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Video: Jim Cramer on Salesforce, Snowflake, Cybersecurity, Jackson Hole

Jim Cramer discusses Salesforce, Snowflake, corporate cybersecurity commitments, Jackson Hole and much more in Thursday's video interview with TheStreet Live.

Stocks opened mixed Thursday as Federal Reserve Chair Jerome Powell prepares to speak virtually Friday at a meeting of the world's financial elite in Jackson Hole, Wyoming. 

The Dow Jones Industrial Average was up 42.17 points, the Nasdaq Composite was down 2.98 points and the S&P 500 was down 2.95 points. 

Jim Cramer and Action Alerts PLUS senior analyst Jeff Marks discussed Salesforce  (CRM) - Get salesforce.com, inc. Report, Snowflake  (SNOW) - Get SNOWFLAKE, INC. Report, corporate cybersecurity commitments, Jackson Hole and much more. 

Watch the full interview with TheStreet Live in the video below at 10:00 a.m. E.T: 

This is our last show of the month. We look forward to seeing you on September 8. 

Earnings Recap

Salesforce

Salesforce topped earnings estimated and raised its revenue guidance for the third quarter and the full year. The company reported adjusted earnings of $1.48 per share on revenue of $6.34 billion. 

On "Mad Money" Wednesday, CEO Marc Benioff told Cramer that new clients like IKEA are undergoing digital transformations that require tools like sales, service, commerce and marketing clouds, all of which will soon be integrated with Slack to ease communications.

Salesforce is a holding in Jim Cramer's Action Alerts PLUS charitable portfolio. 

Snowflake

Cloud software company Snowflake reported a second-quarter loss of 64 cents a share on revenue of $272.2 million, up 104% from a year earlier.

Snowflake CEO Frank Slootman told Cramer on "Mad Money" that Snowflake doesn't create demand for its products, it enables it. A lot more is possible with Snowflake when technology no longer holds companies back, Slootman said. 

Williams-Sonoma 

Williams-Sonoma  (WSM) - Get Williams-Sonoma, Inc. Report reported adjusted earnings per share of $3.24 on revenue of over $1.94 billion. Revenue grew 30.7% in the quarter compared to the same period last year. 

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Committing to Cybersecurity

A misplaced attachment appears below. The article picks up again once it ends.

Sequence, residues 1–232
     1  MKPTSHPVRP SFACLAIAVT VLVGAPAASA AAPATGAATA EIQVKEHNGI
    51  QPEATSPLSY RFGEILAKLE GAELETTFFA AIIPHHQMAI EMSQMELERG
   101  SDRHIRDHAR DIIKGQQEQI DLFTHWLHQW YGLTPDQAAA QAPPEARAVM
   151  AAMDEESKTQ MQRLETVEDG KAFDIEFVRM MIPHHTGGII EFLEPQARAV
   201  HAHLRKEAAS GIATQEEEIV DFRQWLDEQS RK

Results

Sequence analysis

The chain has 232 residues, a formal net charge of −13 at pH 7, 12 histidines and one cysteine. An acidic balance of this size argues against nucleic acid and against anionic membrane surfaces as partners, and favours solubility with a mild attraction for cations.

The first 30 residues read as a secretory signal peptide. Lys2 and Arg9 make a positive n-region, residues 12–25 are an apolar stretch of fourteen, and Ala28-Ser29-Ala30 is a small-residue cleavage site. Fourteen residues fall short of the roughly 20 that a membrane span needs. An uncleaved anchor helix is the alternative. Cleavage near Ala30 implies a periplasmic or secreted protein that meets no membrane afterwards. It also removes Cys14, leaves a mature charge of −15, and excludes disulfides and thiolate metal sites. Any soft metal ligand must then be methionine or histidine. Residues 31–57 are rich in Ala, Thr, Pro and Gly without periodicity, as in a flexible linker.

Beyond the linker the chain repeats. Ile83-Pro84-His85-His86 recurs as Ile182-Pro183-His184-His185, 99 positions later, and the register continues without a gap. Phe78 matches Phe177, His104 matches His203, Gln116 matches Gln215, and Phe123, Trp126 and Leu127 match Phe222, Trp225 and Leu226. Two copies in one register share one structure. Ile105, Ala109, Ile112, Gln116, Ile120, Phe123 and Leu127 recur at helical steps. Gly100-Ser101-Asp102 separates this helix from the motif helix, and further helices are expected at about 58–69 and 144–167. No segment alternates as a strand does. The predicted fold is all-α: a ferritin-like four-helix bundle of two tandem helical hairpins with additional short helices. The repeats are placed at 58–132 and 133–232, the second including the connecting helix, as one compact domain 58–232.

Following a White House meeting with President Joe Biden, companies across the spectrum of corporate America have made commitments in the fight to enhance U.S. cybersecurity. Here are some highlights:

Microsoft

Microsoft  (MSFT) - Get Microsoft Corporation (MSFT) Report committed $20 billion over five years to cybersecurity enhancements with $150 million set aside to help U.S. agencies upgrade protections. 

Alphabet 

The Google  (GOOGL) - Get Alphabet Inc. Class A Report parent pledged $10 billion over five years to strengthen cybersecurity and said it would train 100,000 Americans in IT support and data analytics among other fields. 

IBM

IBM  (IBM) - Get International Business Machines (IBM) Report said it would train 150,000 people in cybersecurity skills in three years and would partner with historically Black colleges and universities as part of the effort. 

Amazon

Amazon  (AMZN) - Get Amazon.com, Inc. Report said its Web Services division is planning to give account holders free multi-factor authentication devices. 

Microsoft, Alphabet and Amazon are holdings in Jim Cramer's Action Alerts PLUS charitable portfolio.

There's Always a Bull Market Somewhere? 

Cramer took to Real Money to write that if investors actually take the time to do their homework and look at stocks, rather than listen to Fedspeak, they would see opportunities abound. 

"So, you can wait for the grand poobah to come down from a virtual Mount Teton or you can hang on every tidbit of money supply or fed bond buying, or you can run with the bulls. You know which one I am choosing," Cramer wrote. 

One bull market you might not be thinking about? 

"You know the most unknown bull market? Agriculture. Anything ag -- from machinery to fertilizer. I have long been a favorite of Agco  (AGCO) - Get AGCO Corporation Report, but that Deere  (DE) - Get Deere & Company Report call last week? It was extraordinary. I scoffed at legendary money manager Cathie Wood, when she said she was buying Deere for its tech. I owe her an apology. The tech that Deere talked about was truly revolutionary and will save farmers billions of dollars in wages, while doing the job more efficiently. It's still a buy," Cramer wrote. 

Hear what Jim Cramer is only telling members of his Action Alerts PLUS investing club in Thursday's Daily Rundown.